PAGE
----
Peter Erskine Interview
Learning from the greatest
Peter Erskine shares his thoughts on the mental side of music in Part 3 of The Psychology Of Drumming:
Have you ever suffered from fear or insecurity?
Beginning from when I was a young drummer being asked to perform for relatives every time they would visit our home, I have not been a fan of having to play drum solos in front of an “expectant audience” (or other drummers); I sensed an expectation that was extra-musical, not part of the naturally-occurring musical arc, and so didn’t like having to play “drumically.” I was more of a “I just want to play in the band” kind of drummer. (I over-compensated for a while, playing some loud and long-winded solos, and have been trying to atone for these musical sins ever since!).
One time when I was told that I would have to follow the then new-on-the-scene and very hot Dennis Chambers at a drum festival (in solo performance), I expressed my reluctance about playing at this festival to my wife. She asked my why, and I said that “I’ll be following Dennis Chambers’ performance,” and she asked “So?” I replied “So, he is so strong …” To which she wisely countered: “Hmm … use his strength to your advantage.” And so, after Dennis’ amazing performance, I started my 1 hour presentation by simply playing the brushes, and then I let the music take me to where it was going. This involves truly LISTENING to the music ~ even when it’s just yourself; the sound of the drums and the sound of the room and the motifs that you play and the variations that you can come up with are all interconnected, and if you connect these things to your imagination, then there’s no time or reason to experience fear or insecurity.
It becomes ALL ABOUT THE MUSIC.
How do you handle nerves?
I don’t get nervous so often when I play. Performing is not usually an issue for me (“live” performance); I’ve been doing this a long time. When I was young, I would get nervous…I’d handle that by throwing up! Experience helps.
Steve Gadd once paid me a left-handed compliment at a Zildjian Cymbal Company-sponsored tribute to Roy Haynes, Louie Bellson and Earl Palmer during a music trade show. Most every drummer in attendance at the NAMM convention was there. The drums were sounding good, the band was sounding good, and I was sounding good and having a good time. So, during a break when some of us were having our photographs taken, Steve said: I gotta hand it to you. You’ve got a lot of balls to get up there and play in front of all these guys.” I asked what he meant, and he continued “All these drummers out there …” and I replied “Hey, it’s a gig … F**k it, I don’t care.” After a pause, he commented: “… the size of coconuts.” Funny guy.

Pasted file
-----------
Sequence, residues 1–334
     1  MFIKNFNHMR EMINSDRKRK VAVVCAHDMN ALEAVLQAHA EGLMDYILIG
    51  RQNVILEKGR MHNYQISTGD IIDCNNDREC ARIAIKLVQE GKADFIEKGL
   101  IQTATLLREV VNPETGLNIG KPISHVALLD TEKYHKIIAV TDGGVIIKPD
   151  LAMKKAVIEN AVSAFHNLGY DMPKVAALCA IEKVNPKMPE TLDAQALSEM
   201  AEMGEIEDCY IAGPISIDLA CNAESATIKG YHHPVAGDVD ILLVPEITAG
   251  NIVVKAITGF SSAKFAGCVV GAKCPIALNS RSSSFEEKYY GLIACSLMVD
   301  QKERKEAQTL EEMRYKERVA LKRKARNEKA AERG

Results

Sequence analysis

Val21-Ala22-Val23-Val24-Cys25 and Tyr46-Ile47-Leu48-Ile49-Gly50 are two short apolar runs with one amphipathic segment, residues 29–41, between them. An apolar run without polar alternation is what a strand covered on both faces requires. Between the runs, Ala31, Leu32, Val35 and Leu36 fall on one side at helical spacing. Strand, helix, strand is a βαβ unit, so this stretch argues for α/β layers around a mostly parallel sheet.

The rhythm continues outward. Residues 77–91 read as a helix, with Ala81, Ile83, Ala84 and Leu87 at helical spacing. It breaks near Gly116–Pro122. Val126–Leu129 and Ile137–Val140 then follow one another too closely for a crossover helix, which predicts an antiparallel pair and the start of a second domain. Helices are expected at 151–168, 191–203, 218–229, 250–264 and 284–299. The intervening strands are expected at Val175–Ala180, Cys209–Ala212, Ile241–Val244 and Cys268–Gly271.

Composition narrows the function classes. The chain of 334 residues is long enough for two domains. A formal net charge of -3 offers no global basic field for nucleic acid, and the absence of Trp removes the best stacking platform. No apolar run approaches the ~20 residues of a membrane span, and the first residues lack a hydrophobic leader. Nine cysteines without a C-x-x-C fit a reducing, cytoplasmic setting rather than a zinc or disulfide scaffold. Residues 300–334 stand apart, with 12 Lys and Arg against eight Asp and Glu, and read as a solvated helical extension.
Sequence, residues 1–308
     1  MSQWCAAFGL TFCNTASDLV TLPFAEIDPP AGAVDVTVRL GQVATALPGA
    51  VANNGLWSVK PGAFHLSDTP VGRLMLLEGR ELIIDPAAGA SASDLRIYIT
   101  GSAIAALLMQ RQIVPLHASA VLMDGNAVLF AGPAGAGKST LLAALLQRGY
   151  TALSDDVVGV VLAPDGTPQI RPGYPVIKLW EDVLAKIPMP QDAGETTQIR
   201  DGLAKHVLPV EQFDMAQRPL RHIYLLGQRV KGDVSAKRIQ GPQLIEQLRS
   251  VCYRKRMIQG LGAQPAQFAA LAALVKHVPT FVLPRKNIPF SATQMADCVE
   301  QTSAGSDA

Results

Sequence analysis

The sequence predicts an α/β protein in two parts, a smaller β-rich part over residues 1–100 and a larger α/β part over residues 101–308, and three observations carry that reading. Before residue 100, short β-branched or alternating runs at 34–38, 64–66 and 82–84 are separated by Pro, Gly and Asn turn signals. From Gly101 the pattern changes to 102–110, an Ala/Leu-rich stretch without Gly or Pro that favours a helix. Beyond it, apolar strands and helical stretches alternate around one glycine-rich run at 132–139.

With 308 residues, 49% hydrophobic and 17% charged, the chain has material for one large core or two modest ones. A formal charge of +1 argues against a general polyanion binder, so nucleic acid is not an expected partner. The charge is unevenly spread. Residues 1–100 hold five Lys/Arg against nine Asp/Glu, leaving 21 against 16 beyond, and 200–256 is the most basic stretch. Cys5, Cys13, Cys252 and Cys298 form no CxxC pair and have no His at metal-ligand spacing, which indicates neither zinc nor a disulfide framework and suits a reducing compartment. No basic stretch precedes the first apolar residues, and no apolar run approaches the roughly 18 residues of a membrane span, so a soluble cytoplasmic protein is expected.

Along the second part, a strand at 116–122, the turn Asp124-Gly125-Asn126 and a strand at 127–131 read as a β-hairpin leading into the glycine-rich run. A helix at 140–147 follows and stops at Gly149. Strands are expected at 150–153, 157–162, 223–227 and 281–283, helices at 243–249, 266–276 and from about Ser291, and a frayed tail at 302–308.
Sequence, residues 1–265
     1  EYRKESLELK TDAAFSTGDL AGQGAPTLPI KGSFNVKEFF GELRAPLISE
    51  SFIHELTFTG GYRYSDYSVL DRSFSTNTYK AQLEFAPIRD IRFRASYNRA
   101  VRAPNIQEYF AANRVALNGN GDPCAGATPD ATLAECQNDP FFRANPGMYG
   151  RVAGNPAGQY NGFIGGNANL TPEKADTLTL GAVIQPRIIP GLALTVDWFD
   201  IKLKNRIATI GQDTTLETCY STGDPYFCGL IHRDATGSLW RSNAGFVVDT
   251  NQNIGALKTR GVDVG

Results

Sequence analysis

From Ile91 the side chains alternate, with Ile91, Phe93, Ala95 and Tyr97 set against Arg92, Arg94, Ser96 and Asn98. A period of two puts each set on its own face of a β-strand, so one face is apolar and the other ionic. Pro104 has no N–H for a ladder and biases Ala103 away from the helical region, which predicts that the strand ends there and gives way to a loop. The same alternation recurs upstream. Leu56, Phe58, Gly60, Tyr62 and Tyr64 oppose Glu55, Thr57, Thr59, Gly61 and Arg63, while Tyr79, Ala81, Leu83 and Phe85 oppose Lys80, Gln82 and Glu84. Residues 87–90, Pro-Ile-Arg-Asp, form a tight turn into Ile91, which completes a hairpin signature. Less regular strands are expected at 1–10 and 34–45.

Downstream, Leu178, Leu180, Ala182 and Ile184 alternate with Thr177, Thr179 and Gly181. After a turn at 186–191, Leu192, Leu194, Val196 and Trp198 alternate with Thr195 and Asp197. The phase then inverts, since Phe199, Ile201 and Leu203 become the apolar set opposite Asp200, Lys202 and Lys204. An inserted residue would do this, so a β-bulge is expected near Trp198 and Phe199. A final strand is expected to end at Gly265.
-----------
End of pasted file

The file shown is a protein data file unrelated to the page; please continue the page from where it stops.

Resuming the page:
How do you prepare mentally for a big performance?
I will spend a lot of time aurally “imaging” the music that I’m going to play, especially if it involves written notation, as in when I am playing with an orchestra (I get called to play a number of contemporary pieces that call for drumset soloist with orchestra). I do my homework. So, there’s not a whole lot to get nervous about. Kind of like a downhill racer on a ski course. There’s plenty of improvisation along the way, but you know the way because you’re prepared.
How do you stay motivated and inspired?
By looking at my wife’s beautiful smile, or being with or thinking about our two children, or thinking about some of the great musicians I have been blessed enough to work with. Also, the music itself keeps me motivated. I love the sensation of the stick tips touching the cymbals and drums, and I love the 3-D real-time architecture of playing the drums; composing as I play, in other words. It’s like musical Sudoku, only better.
Have you picked up any tools over the years that have really helped you perform better?
Yes … the art of surrender. I’m also really enjoying the instrument more and more now. There’s so much to discover. It’s quite fun.
Interview taken from The Psychology Of Drumming.